Cooley Law School Disputes Accreditation Dispute

The American Bar Association says that Cooley Law School admits unqualified law students. Cooley Law School officials disagree. They’ve filed a lawsuit to stop the ABA from publishing a statement that the school is out of compliance with education standards. The ABA has filed actions against several underperforming law schools including Florida Coastal School of Law, John Marshall Law School and the Thomas Jefferson School of Law.

The ABA wanted to publish a statement saying that the law school is out of compliance. Cooley didn’t want the ABA’s opinion becoming public. School officials filed a lawsuit to ask a court for an injunction that prevents the ABA from publishing the letter.

Cooley officials say that it’s unfair to hurt the school’s reputation over what’s essentially an opinion. They say that the ABA hasn’t taken any adverse action against the school. They say that a new crop of law school applicants are about to decide where to attend law school. Prospective students who would otherwise consider Cooley might make a different choice if they see the ABA notice, officials say.

School officials go on to say that the ABA doesn’t have the authority to publish opinion statements. They say the ABA can only accredit law schools and that the ABA doesn’t have the authority to simply state they believe that a school is out of compliance. They say that’s unfair when they have a school to run.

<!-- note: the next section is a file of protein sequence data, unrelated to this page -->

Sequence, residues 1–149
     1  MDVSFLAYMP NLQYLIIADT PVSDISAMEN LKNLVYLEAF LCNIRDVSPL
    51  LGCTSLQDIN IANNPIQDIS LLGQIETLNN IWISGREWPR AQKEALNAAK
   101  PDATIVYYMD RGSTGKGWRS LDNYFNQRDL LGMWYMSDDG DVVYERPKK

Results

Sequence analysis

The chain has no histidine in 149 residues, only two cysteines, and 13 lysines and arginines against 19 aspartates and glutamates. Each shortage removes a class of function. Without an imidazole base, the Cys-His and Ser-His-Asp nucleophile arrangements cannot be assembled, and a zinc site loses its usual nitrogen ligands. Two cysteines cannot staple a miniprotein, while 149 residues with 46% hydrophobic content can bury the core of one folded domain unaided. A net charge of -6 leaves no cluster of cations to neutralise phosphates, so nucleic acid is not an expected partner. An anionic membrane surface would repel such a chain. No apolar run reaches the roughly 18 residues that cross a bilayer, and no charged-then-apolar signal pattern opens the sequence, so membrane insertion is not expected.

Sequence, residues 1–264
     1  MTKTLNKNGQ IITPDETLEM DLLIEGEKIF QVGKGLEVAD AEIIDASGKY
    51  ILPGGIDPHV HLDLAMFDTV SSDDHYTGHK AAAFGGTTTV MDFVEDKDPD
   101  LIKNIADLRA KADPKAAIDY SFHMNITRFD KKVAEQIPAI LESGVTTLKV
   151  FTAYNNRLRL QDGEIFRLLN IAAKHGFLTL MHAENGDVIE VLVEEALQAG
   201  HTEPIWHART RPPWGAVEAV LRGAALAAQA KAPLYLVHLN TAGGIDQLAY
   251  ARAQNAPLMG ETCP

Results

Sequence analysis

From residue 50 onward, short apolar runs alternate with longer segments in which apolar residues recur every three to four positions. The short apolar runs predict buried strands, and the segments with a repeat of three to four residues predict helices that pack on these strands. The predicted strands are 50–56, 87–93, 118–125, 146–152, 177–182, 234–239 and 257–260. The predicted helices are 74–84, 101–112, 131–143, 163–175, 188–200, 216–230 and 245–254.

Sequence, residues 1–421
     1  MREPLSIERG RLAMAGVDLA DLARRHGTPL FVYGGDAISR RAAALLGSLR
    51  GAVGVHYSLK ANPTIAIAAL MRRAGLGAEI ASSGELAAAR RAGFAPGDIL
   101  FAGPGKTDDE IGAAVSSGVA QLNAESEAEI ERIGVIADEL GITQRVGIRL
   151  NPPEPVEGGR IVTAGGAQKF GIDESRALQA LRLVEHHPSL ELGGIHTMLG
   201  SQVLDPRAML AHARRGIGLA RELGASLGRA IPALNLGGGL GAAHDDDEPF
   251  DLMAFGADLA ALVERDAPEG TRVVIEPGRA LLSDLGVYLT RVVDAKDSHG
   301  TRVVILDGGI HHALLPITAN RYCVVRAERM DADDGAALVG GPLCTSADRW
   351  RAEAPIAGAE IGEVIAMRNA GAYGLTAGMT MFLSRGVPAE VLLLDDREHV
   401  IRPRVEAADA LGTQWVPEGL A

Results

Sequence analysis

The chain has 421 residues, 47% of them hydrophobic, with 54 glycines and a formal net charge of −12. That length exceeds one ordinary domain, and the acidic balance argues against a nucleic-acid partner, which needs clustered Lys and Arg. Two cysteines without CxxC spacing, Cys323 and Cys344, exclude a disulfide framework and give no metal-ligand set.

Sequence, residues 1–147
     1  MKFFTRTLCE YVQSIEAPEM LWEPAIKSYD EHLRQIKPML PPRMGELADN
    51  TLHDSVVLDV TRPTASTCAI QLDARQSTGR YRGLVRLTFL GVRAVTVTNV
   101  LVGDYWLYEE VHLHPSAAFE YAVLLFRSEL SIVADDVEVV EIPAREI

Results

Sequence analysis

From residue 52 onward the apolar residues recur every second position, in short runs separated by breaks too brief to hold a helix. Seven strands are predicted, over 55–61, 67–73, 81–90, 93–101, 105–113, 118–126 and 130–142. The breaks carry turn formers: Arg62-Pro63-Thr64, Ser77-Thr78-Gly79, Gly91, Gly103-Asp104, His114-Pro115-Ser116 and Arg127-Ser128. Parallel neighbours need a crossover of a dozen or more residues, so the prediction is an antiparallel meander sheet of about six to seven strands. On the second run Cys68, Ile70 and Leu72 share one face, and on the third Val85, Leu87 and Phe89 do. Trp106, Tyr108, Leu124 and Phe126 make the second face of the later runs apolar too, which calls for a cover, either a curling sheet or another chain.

The ABA has a different opinion. They say that Cooley’s bar passage rates are too low compared to other schools. They claim that Cooley admits students that aren’t likely to graduate from law school and pass the bar. The ABA says that prospective law students deserve transparency when they’re deciding whether to go to law school and where to attend.

The average Cooley student has a 2.90 undergraduate GPA. The median LSAT score is a 141 out of a possible 180. By comparison, neighboring Michigan State University’s average LSAT scores range from 151 to 157 for the middle 50th percentiles. Only 61 percent of Cooley graduates pass the bar on the first try.

Even if Cooley ultimately loses it’s accreditation, it may not matter for Cooley graduates. The State Bar of Michigan doesn’t require a person to graduate from an accredited school in order to take the bar exam. Michigan bar officials can decide whether to allow graduates of unaccredited law schools to sit for the bar exam.

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